On a split vote, the Wyoming House narrowly defeated legislation allowing residents to play the Powerball lottery.
The vote was 29-29, two votes shy of passage, with two representatives excused.
"Nothing in this bill talks about the addiction," said Rep. Rodney "Pete" Anderson, R-Pine Bluffs, who led the opposition.
"It preys upon those who are on the fringe. ... Instead of buying things the family needs, they're buying lottery tickets. They're buying a lot of false hope."
He also argued that state government should not be trying to lure people to play games of chance.
"What business does the state have in promoting gambling?" Anderson said.
The bill would have allowed Wyoming to join 27 states that now offer Powerball, including five of Wyoming's six surrounding states. Fifteen other states sponsor non-Powerball lotteries.
Oversight of Wyoming's lottery would have come from the Pari-Mutuel Commission, with proceeds going to early childhood development, senior services and state parks and historic sites.
Last year, the House passed a lottery bill 32-24, but the measure was killed in the Senate. Before that, the legislation had never been passed by either chamber.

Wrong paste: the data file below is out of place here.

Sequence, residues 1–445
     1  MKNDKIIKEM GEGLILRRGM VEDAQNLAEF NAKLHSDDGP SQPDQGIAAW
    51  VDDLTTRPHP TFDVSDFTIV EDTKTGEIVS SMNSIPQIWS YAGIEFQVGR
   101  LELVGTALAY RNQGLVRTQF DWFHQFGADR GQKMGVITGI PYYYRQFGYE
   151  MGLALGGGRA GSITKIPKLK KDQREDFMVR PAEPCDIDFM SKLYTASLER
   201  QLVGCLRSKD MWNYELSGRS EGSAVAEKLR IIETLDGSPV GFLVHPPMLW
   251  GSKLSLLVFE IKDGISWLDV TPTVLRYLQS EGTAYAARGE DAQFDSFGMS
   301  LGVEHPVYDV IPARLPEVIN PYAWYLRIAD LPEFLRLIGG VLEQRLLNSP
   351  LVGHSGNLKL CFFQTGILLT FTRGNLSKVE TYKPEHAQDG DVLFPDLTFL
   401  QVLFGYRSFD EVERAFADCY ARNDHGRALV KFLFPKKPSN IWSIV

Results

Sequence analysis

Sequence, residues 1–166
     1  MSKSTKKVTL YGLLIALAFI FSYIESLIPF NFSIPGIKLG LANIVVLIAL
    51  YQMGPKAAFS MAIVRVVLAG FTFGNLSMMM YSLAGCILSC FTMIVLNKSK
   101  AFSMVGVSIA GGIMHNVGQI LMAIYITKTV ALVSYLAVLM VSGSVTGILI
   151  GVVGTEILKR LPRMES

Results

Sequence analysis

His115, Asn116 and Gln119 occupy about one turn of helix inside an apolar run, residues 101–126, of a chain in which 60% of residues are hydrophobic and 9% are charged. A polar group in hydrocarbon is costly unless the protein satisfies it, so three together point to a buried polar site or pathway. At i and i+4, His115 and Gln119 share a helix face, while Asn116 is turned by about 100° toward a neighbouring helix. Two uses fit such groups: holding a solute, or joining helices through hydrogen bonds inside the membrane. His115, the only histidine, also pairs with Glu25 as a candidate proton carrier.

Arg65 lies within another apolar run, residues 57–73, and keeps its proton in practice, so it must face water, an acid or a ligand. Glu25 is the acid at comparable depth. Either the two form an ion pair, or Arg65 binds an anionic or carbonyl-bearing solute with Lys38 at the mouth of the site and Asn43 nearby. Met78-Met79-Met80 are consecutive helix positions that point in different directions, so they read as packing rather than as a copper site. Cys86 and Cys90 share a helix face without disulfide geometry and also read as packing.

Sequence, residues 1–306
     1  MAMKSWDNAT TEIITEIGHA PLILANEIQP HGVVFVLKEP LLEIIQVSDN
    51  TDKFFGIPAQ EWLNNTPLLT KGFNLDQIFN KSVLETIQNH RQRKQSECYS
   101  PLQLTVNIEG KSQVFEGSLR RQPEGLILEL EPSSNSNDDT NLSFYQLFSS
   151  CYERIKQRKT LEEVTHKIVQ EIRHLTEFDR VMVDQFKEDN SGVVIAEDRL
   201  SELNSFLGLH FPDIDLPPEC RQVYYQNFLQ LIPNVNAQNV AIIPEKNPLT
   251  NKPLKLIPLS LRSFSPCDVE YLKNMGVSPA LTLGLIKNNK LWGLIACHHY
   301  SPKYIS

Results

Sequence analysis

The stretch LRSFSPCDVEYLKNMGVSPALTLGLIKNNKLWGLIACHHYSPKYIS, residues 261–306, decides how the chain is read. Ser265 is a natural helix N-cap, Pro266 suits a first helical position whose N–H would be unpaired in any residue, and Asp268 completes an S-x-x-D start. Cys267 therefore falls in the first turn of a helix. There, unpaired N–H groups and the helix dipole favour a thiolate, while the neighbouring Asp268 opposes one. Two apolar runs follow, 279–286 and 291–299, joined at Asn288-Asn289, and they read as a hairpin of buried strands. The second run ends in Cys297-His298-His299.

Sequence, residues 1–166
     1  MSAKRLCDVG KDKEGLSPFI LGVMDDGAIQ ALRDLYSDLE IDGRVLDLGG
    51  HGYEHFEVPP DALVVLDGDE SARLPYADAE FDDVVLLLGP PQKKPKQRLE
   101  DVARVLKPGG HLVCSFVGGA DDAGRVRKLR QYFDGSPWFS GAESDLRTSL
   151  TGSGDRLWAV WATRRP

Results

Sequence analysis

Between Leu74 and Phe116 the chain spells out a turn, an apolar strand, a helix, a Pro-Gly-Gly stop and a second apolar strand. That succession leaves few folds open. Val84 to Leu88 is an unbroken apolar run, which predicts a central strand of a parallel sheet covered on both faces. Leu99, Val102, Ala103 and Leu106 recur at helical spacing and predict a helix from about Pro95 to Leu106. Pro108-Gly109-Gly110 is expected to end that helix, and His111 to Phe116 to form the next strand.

Rep. Stephen Watt, R-Rock Springs, said politicians love lotteries because they feed an appetite for revenue without tax hikes. Lottery dollars don't augment government services but simply are substituted for other income, he said, and they foster a get-rich-quick mentality.
Proponents argued that a Wyoming lottery would keep money from leaving the state.
"Bottom line, there's a lot of people in this state who want to play lottery," Rep. Wayne Reese, D-Cheyenne, said. "Why not let them have the choice whether to buy those tickets in Wyoming? This is about choice. If you don't want to play, you don't have to."
Rep. Dan Zwonitzer, R-Cheyenne, agreed.
"The premise against this bill is we must somehow save people from themselves," he said. "It's not my job to legislate morality to people. ... It's not our duty as legislators to regulate the free will of our constituents."
But issues of revenue, choice and morality pale in comparison to the harm that lottery can cause, said Rep. Jerry Iekel, R-Sheridan.
"There is a socioeconomic impact of gambling," he said.
The two representatives who were excused from debate were Pete Jorgensen, D-Jackson, and Burke Jackson, R-Rozet.